The U.S. Military Traded Sears Clothing For Secrets In Vietnam
You might think being a spymaster is all ultra-sexy, dangerous work -- hushed tones, codenames, commie-killing contraptions, constantly fighting STDs on account of all the spy sex, etc. The reality, however, is that you're more of a clandestine human resources liaison than James Bond. This was something that an intelligence officer in Vietnam named Jon Wiant knew all too well.
He is one of these five people, probably.
Back in the 1960s, Wiant had the job of getting information from locals about the Viet Cong. But there was one problem: How do you pay jungle villagers for information? They didn't need or want money. He couldn't give them luxury goods, because that would have tipped off the enemy. He couldn't use food, because the local chiefs would've demanded a cut, and fuck that noise. Paying them in bitcoin was definitely off the list of options, because that hadn't been invented yet and is also stupid.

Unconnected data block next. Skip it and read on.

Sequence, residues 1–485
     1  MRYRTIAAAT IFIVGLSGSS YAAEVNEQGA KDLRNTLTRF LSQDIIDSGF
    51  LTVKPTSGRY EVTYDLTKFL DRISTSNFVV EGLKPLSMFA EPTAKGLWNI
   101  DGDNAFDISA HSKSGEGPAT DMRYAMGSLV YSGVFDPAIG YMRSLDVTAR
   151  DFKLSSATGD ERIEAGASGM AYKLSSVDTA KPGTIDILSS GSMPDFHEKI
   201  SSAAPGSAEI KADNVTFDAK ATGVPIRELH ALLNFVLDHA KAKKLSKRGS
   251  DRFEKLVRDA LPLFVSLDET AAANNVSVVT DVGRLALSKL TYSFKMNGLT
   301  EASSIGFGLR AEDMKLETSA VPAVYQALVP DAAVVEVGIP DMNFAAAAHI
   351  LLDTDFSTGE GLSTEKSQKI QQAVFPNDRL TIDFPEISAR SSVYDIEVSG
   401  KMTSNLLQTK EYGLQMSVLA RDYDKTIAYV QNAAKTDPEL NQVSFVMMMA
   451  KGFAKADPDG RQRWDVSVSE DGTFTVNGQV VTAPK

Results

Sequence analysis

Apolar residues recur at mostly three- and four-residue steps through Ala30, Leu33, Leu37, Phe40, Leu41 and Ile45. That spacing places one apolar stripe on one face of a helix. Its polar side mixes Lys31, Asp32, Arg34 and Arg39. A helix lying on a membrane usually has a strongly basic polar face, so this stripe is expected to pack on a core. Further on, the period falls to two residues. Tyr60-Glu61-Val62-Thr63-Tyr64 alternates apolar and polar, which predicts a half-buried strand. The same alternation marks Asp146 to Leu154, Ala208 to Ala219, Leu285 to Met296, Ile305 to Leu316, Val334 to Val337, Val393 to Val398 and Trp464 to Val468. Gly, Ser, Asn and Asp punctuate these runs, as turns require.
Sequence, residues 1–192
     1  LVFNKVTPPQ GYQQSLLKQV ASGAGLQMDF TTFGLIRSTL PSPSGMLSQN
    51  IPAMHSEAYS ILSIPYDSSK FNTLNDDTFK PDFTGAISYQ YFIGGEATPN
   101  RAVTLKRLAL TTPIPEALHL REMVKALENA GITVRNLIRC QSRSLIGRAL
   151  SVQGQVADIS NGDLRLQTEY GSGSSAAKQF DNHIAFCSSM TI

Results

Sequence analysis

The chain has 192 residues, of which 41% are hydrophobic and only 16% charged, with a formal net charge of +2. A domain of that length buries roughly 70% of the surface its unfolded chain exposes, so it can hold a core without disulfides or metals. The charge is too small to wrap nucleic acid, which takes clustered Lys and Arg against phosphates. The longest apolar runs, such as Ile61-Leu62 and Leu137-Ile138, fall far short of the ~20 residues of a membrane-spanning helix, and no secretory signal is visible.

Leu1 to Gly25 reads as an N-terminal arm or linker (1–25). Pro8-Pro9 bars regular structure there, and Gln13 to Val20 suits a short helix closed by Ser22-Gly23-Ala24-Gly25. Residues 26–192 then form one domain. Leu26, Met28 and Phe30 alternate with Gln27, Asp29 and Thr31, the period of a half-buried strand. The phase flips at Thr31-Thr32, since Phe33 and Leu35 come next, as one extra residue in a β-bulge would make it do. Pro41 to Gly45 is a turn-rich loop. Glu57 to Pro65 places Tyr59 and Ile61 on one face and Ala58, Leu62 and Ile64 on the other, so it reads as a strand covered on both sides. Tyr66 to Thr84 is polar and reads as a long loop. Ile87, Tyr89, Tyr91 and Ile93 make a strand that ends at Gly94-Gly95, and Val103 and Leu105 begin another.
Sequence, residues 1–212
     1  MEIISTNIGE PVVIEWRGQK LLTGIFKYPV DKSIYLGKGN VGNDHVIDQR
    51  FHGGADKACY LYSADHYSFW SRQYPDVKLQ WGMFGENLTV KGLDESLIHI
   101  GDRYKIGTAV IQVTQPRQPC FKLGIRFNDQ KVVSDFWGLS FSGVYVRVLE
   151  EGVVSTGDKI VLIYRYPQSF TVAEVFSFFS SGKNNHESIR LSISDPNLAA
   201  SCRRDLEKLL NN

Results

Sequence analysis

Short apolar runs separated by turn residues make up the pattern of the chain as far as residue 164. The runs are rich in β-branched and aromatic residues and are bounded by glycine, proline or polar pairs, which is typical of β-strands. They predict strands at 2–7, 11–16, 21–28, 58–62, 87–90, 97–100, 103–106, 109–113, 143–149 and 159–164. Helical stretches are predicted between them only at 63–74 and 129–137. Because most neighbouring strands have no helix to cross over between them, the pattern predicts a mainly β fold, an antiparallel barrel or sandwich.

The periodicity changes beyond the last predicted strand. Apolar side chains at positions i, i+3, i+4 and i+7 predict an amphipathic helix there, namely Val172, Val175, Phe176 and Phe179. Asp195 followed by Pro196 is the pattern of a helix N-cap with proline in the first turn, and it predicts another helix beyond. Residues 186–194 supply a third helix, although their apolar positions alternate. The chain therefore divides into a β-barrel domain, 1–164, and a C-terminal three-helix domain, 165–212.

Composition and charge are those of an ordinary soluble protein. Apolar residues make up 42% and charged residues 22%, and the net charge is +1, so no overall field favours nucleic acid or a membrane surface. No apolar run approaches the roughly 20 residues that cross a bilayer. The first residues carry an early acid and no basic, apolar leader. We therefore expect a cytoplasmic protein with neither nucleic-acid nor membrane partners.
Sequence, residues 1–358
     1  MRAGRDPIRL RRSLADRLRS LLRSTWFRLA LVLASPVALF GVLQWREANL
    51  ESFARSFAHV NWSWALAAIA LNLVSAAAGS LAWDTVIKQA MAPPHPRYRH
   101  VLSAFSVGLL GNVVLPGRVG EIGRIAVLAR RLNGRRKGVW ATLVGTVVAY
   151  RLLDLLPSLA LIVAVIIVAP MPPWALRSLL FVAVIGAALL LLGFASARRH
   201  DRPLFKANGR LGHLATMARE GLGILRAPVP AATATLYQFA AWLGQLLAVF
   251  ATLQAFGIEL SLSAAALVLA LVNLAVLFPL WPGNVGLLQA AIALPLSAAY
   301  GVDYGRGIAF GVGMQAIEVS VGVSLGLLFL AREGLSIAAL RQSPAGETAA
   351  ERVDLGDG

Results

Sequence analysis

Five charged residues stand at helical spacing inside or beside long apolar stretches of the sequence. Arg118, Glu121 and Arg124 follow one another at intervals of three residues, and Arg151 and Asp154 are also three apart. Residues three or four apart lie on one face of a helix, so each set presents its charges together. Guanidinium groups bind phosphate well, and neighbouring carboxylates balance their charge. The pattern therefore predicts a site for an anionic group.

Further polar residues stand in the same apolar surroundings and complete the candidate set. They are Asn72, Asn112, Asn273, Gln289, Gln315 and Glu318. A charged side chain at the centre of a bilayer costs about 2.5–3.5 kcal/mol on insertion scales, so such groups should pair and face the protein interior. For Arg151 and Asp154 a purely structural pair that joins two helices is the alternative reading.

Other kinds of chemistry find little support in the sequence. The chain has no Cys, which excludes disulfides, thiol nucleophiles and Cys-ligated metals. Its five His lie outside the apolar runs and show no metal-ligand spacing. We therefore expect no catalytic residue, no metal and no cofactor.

Then, like a miracle from heaven, Wiant's wife sent him his lifeline to the Western world -- a Sears catalog. Suddenly, it hit him: What if he paid his informants in sweet-ass corduroy jumpers?
Mekong grenades bounce right off them!
Laugh all you want, but picture yourself in the jungle and suddenly having access to a thousand pages' worth of stuff. And he wasn't wrong. After working out a scale whereby prices were tied to missions of a certain length/danger, Wiant had a catalog sent to his agents and sat by the phone, all the while hoping that they didn't think they were now being paid in a new and exciting form of pornography.